April 20, 2014.
I woke up this morning and I was 49 years old, entering my 50th year. So this person who lives in my home with me (who I’m not allowed to mention on Facebook) said “Are you freaked out about this?” So I wasn’t really till she mentioned it. I like the 49 part ok but not the 50 part, but I’m still younger than Jackie Chan and always will be, and he’s the spirit of youth, so I will be ever-young, thanks to Jackie Chan. But yet, I feel so wise.
Here’s something that is perplexing me, and it didn’t really start to bother me till last night at about 10 minutes before midnight, and I’m wondering if any of you are smart enough to figure this out. It involves statistics. (Andrew Evans?)
In 1830, in the South Bavarian Hamlet of Emmendingen, my great great grandfather Ephraim Weil, who was a moderately successful 20-year-old cattle trader, was trying to decide whether to marry Bessie Sonneborn or Barucha Heilbron. (Ephraim later had a synagogue named after him – Congregation Zichron Ephraim, which still exists in Manhattan.) He let his horse decide, and his horse chose Barucha. Had his horse chosen Bessie, I would not have been born. OK, 50-50 odds there, pretty good. Anyway, his son Jonas came to America and became a butcher, then a fantastically wealthy real estate developer, but he squandered – er, nobly gave away – all his money for good works. His son-in-law, a rabbi named Bernard Drachman (who was once accused by Arthur Conan Doyle of being a wizard), traveled back to Germany in 1882, where he fell madly in love with a woman named Jeanette Shemayah, “a true Oriental beauty of the finest type,” with “skin of alabaster whiteness” and a “softly melodious [voice] like the gentle rippling of a fountain.” But he was too timid to propose marriage and to bring her back to America. She was last heard from in 1941, when she was deported to Poland. Had he proposed, I would not have been born. 50-50 again. But beautiful Jeanette’s life would have been spared.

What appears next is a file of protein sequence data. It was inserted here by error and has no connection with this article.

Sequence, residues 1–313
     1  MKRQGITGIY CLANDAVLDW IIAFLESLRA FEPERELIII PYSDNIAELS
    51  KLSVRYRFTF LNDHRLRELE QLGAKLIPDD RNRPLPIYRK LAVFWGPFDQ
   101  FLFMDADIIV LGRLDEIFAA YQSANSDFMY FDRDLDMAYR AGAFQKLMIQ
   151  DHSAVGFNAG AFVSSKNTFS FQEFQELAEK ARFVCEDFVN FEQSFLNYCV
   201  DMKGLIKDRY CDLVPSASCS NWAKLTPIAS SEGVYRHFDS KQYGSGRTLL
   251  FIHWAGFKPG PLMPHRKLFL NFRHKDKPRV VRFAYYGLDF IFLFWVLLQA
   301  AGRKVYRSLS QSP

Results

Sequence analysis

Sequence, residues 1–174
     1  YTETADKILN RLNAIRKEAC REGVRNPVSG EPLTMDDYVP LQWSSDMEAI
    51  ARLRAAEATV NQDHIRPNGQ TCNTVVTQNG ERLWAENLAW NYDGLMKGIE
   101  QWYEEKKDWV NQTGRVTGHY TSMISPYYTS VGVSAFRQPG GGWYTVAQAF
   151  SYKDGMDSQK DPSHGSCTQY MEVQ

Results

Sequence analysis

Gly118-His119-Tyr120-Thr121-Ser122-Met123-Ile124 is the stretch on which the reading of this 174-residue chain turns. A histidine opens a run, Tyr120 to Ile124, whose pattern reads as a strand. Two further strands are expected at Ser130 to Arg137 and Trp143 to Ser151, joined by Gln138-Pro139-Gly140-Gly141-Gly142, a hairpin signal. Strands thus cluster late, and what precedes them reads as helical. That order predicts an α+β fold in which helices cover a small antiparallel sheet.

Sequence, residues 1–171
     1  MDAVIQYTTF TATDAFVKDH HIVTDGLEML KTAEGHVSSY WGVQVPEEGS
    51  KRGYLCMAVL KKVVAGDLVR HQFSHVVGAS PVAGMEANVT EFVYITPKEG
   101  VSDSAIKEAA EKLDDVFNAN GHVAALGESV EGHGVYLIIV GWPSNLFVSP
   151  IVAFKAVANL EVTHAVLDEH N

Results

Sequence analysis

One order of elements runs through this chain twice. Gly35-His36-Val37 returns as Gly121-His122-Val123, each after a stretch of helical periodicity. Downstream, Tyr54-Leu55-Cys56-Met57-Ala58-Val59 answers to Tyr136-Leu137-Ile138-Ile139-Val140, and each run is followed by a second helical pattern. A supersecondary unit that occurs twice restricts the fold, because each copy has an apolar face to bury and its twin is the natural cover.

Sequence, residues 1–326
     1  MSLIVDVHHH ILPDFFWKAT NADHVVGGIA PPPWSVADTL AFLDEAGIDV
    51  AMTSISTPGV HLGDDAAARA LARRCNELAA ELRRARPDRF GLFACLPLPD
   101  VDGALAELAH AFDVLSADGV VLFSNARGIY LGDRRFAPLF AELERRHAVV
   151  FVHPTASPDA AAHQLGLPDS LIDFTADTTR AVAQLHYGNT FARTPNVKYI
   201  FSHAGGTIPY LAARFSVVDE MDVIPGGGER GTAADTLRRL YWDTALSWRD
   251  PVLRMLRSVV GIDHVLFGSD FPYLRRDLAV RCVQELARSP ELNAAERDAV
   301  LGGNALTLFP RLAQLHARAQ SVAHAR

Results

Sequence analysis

Meanwhile, my goyishe great-great-great-great-great (maybe a few more) grandfather was born David Betts or Petts between 1780 and 1790 in the lace-making hamlet of Honiton in Devonshire, from whence he fled to the New World, a wanted fugitive, and finally remade himself before the War of 1812 as William Frederick Slocum, the captain of a merchant vessel, where he met and married Rachel James. Had he not been accused of committing whatever crime he was accused of committing, I would never have been born. Many years later, my mother fell in love with a nice young man, who went off to war and was shot dead. Had he not been killed, I would never have been born. But other children would have been, the children of the brave soldier. Finally, even when she met and fell in love with a Jew from Brooklyn and collapsed with him in a drunken, passionate stupor in the dumpster behind McSweeney’s that crazy night in 1964 (ok, I made up the part about the dumpster), and even assuming that a child would result from the interlude, the odds were at least 100 million to 1 that the child would turn out to be me. (Because – I looked this up – each ejaculation contains between 100 million and 400 million sperm. Sorry to be graphic.)
So considering all this, the odds against any one of us being born has to be trillions and trillions to one. Really impossible odds. Like winning the lottery once a week for your whole life. Has anyone tried to crack the numbers? My point here (and I do have one) is that I’m just not that lucky. I’m kind of lucky. But mostly unlucky. So isn’t it just possible that there’s something more to this whole existence thing? Anyway: I HOPE SO.
Happy birthday today to me, Harold Lloyd, and Hitler.